Last week, there were outcries that reached almost scandalous
proportions as a presidential press conference bumped “American
Idol” from its Wednesday night spot. Apparently the fate of some
low-grade karaoke singers is of more concern than the words of the
nation’s leader. A new epidemic of reality television junkies has
hit the streets, and the products used to fuel these needs will
rise to ridiculous proportions in the near future.
It is obvious that there is something wrong with television when
people are signing up to one day look like Britney Spears on MTV’s
“I Want a Celebrity Face.” Appearance-related television shows are
storming the charts, causing people to undermine their true beauty
and trade it in for hunks of plastic. If shows like “The Swan”
don’t concern you, there is a whole possibility of upcoming shows
that just might make you consider the moral implications and
ridiculous proportions of reality television.
According to an article found in The Boston Globe, CBS has plans
for creating a reality show that attempts to recover abducted
children. Entitled “Recovery,” the show takes “viewers along on an
emotional and life-changing ride, from the abduction to the search
in all its intensity to the reunion of child and parents.” The show
will involve former law enforcement and military personnel as they
attempt to find these missing children.
Whoever decided that this would be a good idea for a television
show should consider serious psychological evaluations. This is a
clear case of exploitation, using children in horrible situations
to gain market share and profits. Exploitation of children and the
horrors they endure are never entertainment, and should not be
broadcast in the company of “Everybody Loves Raymond” and “CSI:
Miami,” or ever for that matter. The results of such a television
show go far beyond the obvious moral implications. Critics of
“Recovery” fear that the show will undermine the necessity for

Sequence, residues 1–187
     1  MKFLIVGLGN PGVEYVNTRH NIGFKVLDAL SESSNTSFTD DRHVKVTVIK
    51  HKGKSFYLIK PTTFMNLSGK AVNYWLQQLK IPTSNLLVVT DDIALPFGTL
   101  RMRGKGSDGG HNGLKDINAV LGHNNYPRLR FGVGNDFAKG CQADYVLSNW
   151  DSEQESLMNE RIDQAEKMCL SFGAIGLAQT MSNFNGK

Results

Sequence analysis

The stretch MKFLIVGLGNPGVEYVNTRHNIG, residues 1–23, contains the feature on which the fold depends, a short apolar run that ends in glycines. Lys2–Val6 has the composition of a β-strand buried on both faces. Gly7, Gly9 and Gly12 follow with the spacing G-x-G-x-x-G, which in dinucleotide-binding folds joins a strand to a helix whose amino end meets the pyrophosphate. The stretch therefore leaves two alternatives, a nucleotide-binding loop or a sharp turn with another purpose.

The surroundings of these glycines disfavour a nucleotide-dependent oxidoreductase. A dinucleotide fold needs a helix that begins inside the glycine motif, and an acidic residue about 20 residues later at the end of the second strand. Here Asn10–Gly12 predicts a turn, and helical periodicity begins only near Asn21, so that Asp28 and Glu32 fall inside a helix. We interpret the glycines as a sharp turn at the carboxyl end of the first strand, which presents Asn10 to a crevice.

legal authorities to be involved in child abduction cases. In
addition, there is a fear that kidnappers may try to use the show
as a publicity outlet, attempting to outsmart the television
Another equally disturbing reality show possibility can be found
in the United States Patent & Trademark Office. An application
created in July of 2002 shows a premise that would pit couples
against each other in order to compete for the ultimate prize – a
baby! This reality show would allow viewers to observe the couples
and vote for the best parents to receive custody of a child. While
no station has taken claim to this, it is just foretelling of the
absurd and ridiculous television shows to come. Apparently, even
something as sacred and emotional as adoption can be molded into a
game and sold off for profit.
As the shows continue to worsen, the question becomes “Is there
an end to reality television?” Unfortunately, the answer is no. As
long as viewers have a perverse desire to peer into the misfortunes
of others, reality television will continue to prosper. With this
question answered, the next question is “Where will the line be
drawn?” And to this there is no answer. With each “shocking” new
idea (child abductions for entertainment?), the public becomes
desensitized and the bar is raised on the shock factor. As
broadcasters continue to strive to be the best in their respective
markets, who knows the boundaries they will cross along the way.
Apparently exploiting children, a red flag for most people, has not
concerned CBS, and thus the moral boundary war continues.
The only way to stop such a phenomenon is to turn off the
television and stop watching. However, reality TV has become an
addiction in American society, and taking away programming is like
taking away morning coffee from a Fortune 500 CEO -not a good idea.
Consider this article as a warning of what’s to come, and when the
adoption game show comes on television, don’t watch. Given the
option, I would rather see you turn back to American Idol.
Stacey is a senior studying marketing. Her column runs every